Analysis: personal experiences of vulnerable households can guide strategies for ensuring energy needs are met - Claudia Hihetah is a PhD Researcher with the Energy Policy and Modelling Group at MaREI at the Environmental Research Institute, UCC. Claudia's research focuses on developing effective policy responses to tackle energy poverty
Energy poverty is a critical issue that significantly impacts many Irish households, with as many as 43% of households potentially at risk. In Ireland, families that spend more than 10% of their income on energy bills are considered energy-poor. Energy poverty is a social issue that touches lives and livelihoods. It becomes particularly severe in colder periods due to inadequate heating options.
Those affected often turn to more affordable fuels like oil or solid fuels to warm their homes, which in turn harms the environment because it produces carbon emissions. They might also limit heating specific rooms, like kitchens and bedrooms, where they spend the most time, to save on energy bills. Unfortunately, such practices take a toll on physical and mental health, leading to higher risks of respiratory and heart problems. Depression rates tend to be higher in these homes. It also affects social connections; for instance, cold homes might discourage people from hosting friends and family. Longer-term effects include impact on education and job opportunities.
Three key factors lead to energy poverty: low household income, high energy costs, and poor energy efficiency of homes. Other factors, such as weather conditions and broader social and political factors, including the cost-of-living crisis and rising domestic electricity bills, further contribute to the vulnerability of households. Low-income homes are particularly affected and face various vulnerabilities depending on their circumstance. Such families face challenges that make it difficult to access the essentials needed to live an acceptable minimum standard of living.
Those especially vulnerable to energy poverty include older people, people with disabilities, young people, women and single-parent families, those in shared households, and marginalised communities. Families with limited funds struggle to afford food and healthcare, affecting their ability to pay for energy costs. Older people face added difficulties due to fixed incomes, health issues, and limited mobility that worsen their vulnerability to energy poverty.
The Government's Energy Poverty Action Plan features measures such as the €600 electricity credit we all benefitted until April 2023 and the expansion of the Fuel Allowance Scheme to include certain older people who were previously left out. It also makes provisions for Additional Needs Payments and seeks to accelerate free home energy upgrades, prioritising those in poorly performing homes.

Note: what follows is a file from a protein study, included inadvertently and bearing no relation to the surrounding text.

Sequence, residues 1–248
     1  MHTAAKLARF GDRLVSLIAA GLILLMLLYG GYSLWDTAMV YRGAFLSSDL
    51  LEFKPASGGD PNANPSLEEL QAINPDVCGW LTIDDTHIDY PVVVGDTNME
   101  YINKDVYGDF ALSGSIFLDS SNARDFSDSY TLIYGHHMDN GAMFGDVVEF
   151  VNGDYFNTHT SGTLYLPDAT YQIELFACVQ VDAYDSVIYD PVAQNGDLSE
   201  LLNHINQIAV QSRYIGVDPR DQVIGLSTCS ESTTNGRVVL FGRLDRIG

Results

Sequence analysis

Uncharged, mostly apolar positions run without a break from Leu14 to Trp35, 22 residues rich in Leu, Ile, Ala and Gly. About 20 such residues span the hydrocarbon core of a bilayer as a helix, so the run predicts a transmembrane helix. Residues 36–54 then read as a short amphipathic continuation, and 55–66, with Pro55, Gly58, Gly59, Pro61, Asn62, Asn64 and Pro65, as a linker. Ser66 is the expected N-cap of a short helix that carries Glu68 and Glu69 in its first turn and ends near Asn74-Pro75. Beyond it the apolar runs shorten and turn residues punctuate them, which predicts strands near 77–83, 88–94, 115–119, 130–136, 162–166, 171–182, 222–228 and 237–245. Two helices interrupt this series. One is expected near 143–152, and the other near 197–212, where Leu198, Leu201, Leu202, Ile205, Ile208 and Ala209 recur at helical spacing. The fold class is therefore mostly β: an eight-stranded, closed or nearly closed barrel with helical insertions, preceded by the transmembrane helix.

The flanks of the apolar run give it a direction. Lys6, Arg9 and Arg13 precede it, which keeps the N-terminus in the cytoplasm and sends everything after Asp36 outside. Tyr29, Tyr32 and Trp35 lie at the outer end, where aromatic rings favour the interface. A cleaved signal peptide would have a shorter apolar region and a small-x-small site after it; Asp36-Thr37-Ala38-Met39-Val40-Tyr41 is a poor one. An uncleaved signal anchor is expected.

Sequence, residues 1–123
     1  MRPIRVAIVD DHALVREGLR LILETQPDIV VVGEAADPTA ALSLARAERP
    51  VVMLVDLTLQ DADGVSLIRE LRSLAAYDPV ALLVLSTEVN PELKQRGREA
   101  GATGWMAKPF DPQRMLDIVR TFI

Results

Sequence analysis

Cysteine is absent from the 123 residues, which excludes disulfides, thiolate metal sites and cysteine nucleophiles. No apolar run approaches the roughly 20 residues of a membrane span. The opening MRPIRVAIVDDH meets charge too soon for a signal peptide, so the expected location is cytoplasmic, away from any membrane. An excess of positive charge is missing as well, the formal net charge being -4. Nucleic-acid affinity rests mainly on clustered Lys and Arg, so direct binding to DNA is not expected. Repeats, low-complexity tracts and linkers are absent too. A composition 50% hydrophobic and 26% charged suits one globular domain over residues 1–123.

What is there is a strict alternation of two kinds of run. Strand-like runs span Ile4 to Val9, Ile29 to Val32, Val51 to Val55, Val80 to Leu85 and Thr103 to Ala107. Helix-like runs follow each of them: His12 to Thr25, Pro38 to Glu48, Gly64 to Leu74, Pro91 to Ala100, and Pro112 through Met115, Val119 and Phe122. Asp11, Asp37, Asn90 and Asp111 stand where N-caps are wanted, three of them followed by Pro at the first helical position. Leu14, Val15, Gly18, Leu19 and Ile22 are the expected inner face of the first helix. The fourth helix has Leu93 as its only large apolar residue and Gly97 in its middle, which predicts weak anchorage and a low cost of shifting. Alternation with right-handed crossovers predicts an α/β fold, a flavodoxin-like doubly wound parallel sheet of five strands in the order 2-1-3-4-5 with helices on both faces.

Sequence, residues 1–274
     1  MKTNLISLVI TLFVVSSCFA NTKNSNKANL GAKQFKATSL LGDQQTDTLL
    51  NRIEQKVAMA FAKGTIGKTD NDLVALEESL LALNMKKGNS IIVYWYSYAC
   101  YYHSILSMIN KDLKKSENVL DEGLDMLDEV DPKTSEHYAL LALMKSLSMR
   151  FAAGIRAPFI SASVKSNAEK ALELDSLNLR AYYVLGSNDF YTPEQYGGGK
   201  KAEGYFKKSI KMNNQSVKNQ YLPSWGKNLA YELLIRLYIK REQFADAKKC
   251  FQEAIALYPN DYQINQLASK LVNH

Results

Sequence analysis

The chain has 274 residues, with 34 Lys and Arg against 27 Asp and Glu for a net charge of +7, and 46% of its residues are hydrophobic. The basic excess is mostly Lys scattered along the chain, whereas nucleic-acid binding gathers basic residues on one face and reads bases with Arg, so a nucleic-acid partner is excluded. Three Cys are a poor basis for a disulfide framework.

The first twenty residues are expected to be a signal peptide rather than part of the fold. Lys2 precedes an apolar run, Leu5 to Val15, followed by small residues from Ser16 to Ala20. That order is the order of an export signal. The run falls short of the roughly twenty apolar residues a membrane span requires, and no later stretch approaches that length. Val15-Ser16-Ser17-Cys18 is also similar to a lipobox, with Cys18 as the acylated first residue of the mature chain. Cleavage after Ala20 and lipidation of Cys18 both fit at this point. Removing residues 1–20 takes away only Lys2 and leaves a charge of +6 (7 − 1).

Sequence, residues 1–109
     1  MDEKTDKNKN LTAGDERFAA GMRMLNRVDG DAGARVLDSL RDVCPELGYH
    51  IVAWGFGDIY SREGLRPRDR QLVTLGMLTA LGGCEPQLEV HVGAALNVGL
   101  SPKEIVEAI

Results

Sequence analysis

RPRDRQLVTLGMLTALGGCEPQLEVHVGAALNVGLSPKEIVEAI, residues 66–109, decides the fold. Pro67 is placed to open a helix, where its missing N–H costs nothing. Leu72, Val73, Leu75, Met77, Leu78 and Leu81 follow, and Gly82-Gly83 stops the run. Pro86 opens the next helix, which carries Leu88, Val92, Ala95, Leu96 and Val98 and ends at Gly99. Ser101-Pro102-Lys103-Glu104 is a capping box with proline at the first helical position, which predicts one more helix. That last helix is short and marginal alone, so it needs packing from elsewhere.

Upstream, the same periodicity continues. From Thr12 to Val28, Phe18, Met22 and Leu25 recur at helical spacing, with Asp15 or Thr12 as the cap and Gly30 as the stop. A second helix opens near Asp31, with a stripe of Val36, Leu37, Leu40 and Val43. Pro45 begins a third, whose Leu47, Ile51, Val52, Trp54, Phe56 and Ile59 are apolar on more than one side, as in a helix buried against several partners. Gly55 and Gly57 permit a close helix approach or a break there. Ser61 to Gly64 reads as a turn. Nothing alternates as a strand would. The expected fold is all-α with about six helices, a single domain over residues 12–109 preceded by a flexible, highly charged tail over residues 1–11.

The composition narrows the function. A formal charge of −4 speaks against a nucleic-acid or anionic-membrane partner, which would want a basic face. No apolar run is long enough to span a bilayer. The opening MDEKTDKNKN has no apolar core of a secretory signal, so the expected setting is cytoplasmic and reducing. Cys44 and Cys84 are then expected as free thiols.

The Plan aligns with the National Climate Action Plan to ensure the country can halve its carbon emissions by 2030 and reach net zero by 2050. Despite its ambitious intentions, more people are falling into energy poverty due to shortcomings such as failing to put people at the centre of decision-making. A lack of inclusion of households' personal experiences is one missing element in the current measures. So, how can such experiences shape energy poverty measures in Ireland?
By knowing the experiences of those in and at risk of energy poverty, we can learn about their specific challenges and needs and prioritise them accordingly. It allows us to develop targeted and appropriate interventions for vulnerable households and avoid a one-size-fits-all solution. For example, measures can be designed to make homes more energy-efficient and energy services free and affordable for those most affected by energy poverty and require the most immediate solutions.
Personal experience is essential for advancing energy justice and raising energy awareness. It helps to identify and address unique household situations such as economic barriers, limited knowledge about energy options, and existing government supports. Some families might require further clarification regarding the available measures and may have misconceptions about these solutions. For instance, whether they must vacate their homes and find temporary housing during home retrofits. This uncertainty might lead them to avoid applying for the Government’s free home energy upgrades scheme, even if they are eligible.
Qualitative evidence, which includes people's stories and experiences, is needed alongside quantitative data. It helps to better understand how energy poverty affects various aspects of life, like health, social relationships, finances, and education, which may not be readily visible when quantified. By considering these personal experiences, we can strive for a healthier population where access to everyday needs like cooking, turning on the lights and keeping warm or cool at home is easily accessible and not lacking.
With colder months approaching, the Government needs to recognise and include the experiences of energy-poor households and those at risk in their policies. On an individual level, boost your energy awareness by learning how to read your energy bills, assessing if you qualify for free energy upgrades, and adopting simple ways to save energy and reduce costs. And do not hesitate to share personal experiences; it is valuable in addressing broader societal challenges.